Landmark Yiddish Plays: A Critical Anthology (S U N Y Series by Jeremy Asher Dauber, Joel Berkowitz

By Jeremy Asher Dauber, Joel Berkowitz

Introduces readers to comedian and tragic masterpieces spanning a hundred and fifty years of Yiddish drama.

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Landmark Yiddish Plays: A Critical Anthology (S U N Y Series in Modern Jewish Literature and Culture)

Introduces readers to comedian and tragic masterpieces spanning one hundred fifty years of Yiddish drama.

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Introduction 39 underwear a talis-kotn, and a long string of lead amulets, parchments, and wolf’s teeth hangs around his neck, and a silver hoop in one ear. His foolish face is framed by large black eyebrows, with redness around his nose and various scratches scattered about his face and neck. ’ ”107 Offsetting these unattractive characteristics, in the eyes of the traditional community, is Shmendrik’s family’s money, which can essentially buy him a bride from a family with yikhes (lineage). The familiar plot that grows out of this—a beautiful, intelligent young woman who is forced to accept a match well beneath her because her family has fallen on hard times, but is then rescued by her beloved, who hatches a scheme to marry her himself—diverts us while sending a clear message.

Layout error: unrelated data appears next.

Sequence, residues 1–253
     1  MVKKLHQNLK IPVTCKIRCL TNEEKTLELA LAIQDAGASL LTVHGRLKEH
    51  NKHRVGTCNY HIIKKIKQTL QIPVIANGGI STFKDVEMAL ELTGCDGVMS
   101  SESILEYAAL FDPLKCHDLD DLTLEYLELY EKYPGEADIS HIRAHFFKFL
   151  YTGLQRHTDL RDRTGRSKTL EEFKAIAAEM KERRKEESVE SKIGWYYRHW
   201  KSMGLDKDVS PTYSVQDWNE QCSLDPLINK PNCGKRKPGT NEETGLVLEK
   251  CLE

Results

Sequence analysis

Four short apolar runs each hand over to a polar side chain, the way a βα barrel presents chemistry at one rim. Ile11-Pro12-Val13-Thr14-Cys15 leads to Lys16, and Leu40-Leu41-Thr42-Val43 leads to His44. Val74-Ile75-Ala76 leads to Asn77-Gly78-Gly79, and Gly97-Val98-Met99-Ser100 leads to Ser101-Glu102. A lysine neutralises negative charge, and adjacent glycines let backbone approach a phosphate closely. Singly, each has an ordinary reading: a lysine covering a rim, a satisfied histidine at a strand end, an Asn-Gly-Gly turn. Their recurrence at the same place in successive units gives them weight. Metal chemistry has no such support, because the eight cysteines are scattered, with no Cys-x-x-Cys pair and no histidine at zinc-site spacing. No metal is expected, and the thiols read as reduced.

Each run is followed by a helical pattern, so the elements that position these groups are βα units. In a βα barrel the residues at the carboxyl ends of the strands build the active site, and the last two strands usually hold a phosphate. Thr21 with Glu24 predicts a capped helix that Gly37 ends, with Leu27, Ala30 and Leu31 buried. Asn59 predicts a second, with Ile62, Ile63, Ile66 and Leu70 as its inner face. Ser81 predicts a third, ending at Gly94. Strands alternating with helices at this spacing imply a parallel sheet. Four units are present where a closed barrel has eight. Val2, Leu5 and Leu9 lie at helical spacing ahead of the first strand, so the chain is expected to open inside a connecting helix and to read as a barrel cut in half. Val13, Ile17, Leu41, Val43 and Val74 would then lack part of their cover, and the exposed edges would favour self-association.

He did not need any excuses. He did not feel guilty, just as the bird who sings or the tree that blooms does not feel guilty. And [this was] truly astonishing . . right in the middle of the flourishing of the Haskala, when Yiddish, or, as it was called, ‘jargon,’ was, in the best case, a means to civilize the Jewish masses or, as I. M. ”79 This comfort with Yiddish, this lack of self-defensiveness, may help to explain the unbridled freedom and linguistic virtuosity that characterize Ettinger’s Yiddish poetry.

Der pinkes, 1913. 103. Oyslender and Finkel, A. Goldfaden, 18. 104. Isaac Goldberg, The Drama of Transition: Native and Exotic Playcraft (Cincinnati: Stewart Kidd, 1922), 345. ”105 Gottlober would become one of Goldfaden’s teachers, and in his memoirs, he remembered his student as “a very young boy . . who studied privately with me at home in addition to the school. ”106 Though Gottlober does not specify which Yiddish writings Goldfaden saw him working on, his student clearly became familiar at some point with Gottlober’s scathing anti-Hasidic farce, Der dektukh, oder tsvey khupes in eyn nakht (The Bridal Veil, or Two Weddings in One Night, 1838), which would serve as a direct influence for Goldfaden’s own satires.

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